Valor's 10th Annual Summit Recap

December 12, 2022

Last month Valor hosted its 10th Annual Summit. After a 2-year hiatus of the in-person version of our summit, we were glad to have portfolio founders, investors, our own team and the broader Valor network in New York.

We were able to hear from industry leaders on a variety of topics, from the future of Crypto after FTX to the main trends in Climate Tech and the investment landscape in US, Brazil, Mexico, and broader Latina America.

Below are the main insights from each of the panels we had at the conference:

Leadership in the Spotlight

Our session started with a great fireside chat between Scott Sobel, Valor’s Managing Partner, and Mike Kirban, founder and CEO of Vita Coco. Mike shared his experiences in building and scaling a successful consumer brand in the US, providing valuable lessons to our founders. “Hire attitude over experience, especially in the early days. You want people that adapt and move the way that you move”, said Kirban on hiring your founding team.

Mike also told the audience how Madonna – the singer – became a partner at Vita Coco and how it helped the company’s marketing strategy throughout the years. “Having a celebrity as an investor can be an amazing opportunity. Instead of only being compensated for the marketing campaigns they make, they really have skin in the game.”

The talk ended with Mike sharing a few war stories from Vita Coco’s early days, as well as some final insights to the founders in the room, explaining the extreme importance of resilience in the journey of a founder. “The ability to just keep going is what allows entrepreneurs to do and achieve what seems impossible”.

The Future of Crypto 

Our Crypto panels took place right after the first news of FTX’s insolvency started to emerge. Our two panels on the topic, “Institutionalization of Crypto” and “Crypto Reshaping the Financial System and Payments”, couldn’t be timelier. 

The first panel was moderated by Brian Brooks, the former US Comptroller of the Currency, and had the presence of Ricardo Marino, CEO of Itau Latam, Mike Novogratz, CEO at Galaxy Investment Partners and former Goldman Sachs partner, and Rep. Trey Hollingsworth, House Representative for Indiana’s 9th district. 

Mike Novogratz pondered on how FTX’s then imminent insolvency would impact the ecosystem in the long run. Mike believes that the reasons why cryptocurrency will thrive haven’t changed because of FTX’s failure. “The space isn’t going away, there is an inevitability to it in many ways. We are seeing an increasing number of institutional investors looking at the space as well as tech companies building on top of blockchain”.

There were also great discussions involving the regulatory landscape in Crypto and how it will evolve, with focus on stablecoins. Rep. Hollingsworth, while recognizing that DC sees Crypto in general as highly unstable area and that Americans still have some gap in terms of education around crypto-related investment products, believes that the country can make iterative progress toward a coin. Mike echoed the optimism towards stablecoins in the US: “Imagine if the US Dollar competed not only on liquidity and store of value, but also on utility anywhere in the world”.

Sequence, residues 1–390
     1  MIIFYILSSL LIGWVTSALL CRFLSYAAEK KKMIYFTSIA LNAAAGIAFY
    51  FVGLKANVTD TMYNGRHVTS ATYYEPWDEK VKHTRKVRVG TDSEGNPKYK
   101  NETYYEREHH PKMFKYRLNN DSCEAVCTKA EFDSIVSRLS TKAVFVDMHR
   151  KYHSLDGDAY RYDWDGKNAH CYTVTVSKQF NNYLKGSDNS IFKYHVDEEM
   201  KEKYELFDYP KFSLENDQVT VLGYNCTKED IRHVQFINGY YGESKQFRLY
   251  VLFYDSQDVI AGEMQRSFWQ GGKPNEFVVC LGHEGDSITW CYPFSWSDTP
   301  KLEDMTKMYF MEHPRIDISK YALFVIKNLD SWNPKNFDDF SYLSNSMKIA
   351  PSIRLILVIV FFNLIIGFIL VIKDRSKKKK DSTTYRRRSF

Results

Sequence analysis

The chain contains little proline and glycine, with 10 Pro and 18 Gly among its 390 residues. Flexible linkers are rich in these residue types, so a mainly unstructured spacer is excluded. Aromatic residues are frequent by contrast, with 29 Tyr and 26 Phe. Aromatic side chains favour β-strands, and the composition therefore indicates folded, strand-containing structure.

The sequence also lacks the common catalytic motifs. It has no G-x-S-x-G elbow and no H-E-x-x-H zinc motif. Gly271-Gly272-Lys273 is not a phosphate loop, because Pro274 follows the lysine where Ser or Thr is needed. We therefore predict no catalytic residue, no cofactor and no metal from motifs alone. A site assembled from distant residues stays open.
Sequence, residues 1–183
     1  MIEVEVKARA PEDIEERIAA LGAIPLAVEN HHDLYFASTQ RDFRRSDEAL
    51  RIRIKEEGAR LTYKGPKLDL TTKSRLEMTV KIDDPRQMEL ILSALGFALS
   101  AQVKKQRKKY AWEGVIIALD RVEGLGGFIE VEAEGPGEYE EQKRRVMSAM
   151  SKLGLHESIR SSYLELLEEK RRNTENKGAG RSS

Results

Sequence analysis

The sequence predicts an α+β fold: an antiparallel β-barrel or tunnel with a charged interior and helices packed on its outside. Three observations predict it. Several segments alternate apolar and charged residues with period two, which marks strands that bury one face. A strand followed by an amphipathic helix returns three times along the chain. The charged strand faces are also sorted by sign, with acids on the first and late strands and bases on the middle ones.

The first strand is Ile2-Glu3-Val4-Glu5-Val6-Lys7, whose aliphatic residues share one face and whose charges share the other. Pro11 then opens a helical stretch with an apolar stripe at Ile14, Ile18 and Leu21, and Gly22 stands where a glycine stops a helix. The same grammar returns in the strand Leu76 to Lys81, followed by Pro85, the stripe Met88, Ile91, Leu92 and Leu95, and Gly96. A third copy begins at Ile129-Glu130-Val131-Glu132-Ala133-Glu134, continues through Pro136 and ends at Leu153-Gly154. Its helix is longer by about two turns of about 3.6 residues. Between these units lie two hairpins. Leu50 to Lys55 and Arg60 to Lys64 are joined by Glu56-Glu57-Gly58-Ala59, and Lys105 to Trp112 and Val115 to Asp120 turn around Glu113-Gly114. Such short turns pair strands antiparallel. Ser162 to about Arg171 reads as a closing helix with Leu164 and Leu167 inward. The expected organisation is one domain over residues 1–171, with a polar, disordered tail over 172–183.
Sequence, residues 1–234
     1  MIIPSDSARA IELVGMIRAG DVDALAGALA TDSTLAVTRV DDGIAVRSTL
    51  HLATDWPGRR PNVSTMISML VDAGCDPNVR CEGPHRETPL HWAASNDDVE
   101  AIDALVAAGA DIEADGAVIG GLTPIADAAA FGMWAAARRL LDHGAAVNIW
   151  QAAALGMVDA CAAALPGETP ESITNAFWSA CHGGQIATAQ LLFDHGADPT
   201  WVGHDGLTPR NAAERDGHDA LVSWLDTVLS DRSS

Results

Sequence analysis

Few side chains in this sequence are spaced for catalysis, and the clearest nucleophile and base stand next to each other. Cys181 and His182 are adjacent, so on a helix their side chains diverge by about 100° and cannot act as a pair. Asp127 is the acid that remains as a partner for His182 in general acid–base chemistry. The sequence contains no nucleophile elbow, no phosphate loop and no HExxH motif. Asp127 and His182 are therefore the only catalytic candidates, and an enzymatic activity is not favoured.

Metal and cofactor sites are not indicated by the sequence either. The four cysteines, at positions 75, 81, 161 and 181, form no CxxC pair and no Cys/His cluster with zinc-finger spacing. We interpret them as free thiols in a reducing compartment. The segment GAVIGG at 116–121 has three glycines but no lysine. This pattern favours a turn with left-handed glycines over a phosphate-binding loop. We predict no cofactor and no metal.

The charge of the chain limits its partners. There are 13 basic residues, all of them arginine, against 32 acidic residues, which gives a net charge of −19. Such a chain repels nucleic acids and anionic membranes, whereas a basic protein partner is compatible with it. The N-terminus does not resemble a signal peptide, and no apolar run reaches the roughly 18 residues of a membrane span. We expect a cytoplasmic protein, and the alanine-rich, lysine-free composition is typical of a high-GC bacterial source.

Ricardo Marino provided great insights into the Crypto adoption in Latin America. “Clients, ranging from large institutions to retail and private investors are demanding crypto solutions, despite the current state of the market”, claimed Marino regarding the organic adoption of crypto being seen in Brazil and Latin America. Finally, Marino also described what he believes are the conditions for true institutionalization of Crypto in a country: “Regulation, governance / risk management and task clarity are critical points of development for any nation to develop institutionalization of Crypto”.


Crypto and the Revolution in the Financial System

The second Crypto panel focused on the new payment and investment solutions that are arising from blockchain-enabled solutions. Jack Mallers, founder of Strike, Thomas Bohner, founder of Credix and João Reginatto, VP at Circle, took part on the panel moderated by Michael Nicklas, Managing Partner at Valor. 

Mallers elaborated on how Crypto is now profoundly changing the way payments – especially international remittances – are made. “Bitcoin is one of the biggest innovations in the last 50 years. It enables payments to be made at the speed of light at no cost.”. He further elaborated on the Lightning Network, used by Strike “The Lightning Newtork is the equivalent of transferring anything of value across the world”. And finished with how crypto enables financial inclusion  with instant payments technology. “There is no opportunity for innovation if the collective financial system deems a person unworthy of credit because of the place he or she lives in the world”.

Thomas Bohner built up on the argument, indicating that Crypto and DeFi are enabling credit concessions to smaller agents of the economy: “If there is no data standard on what assets really look like, things can go wrong very quickly. Now we can create data standards around assets and move them globally at almost no cost”.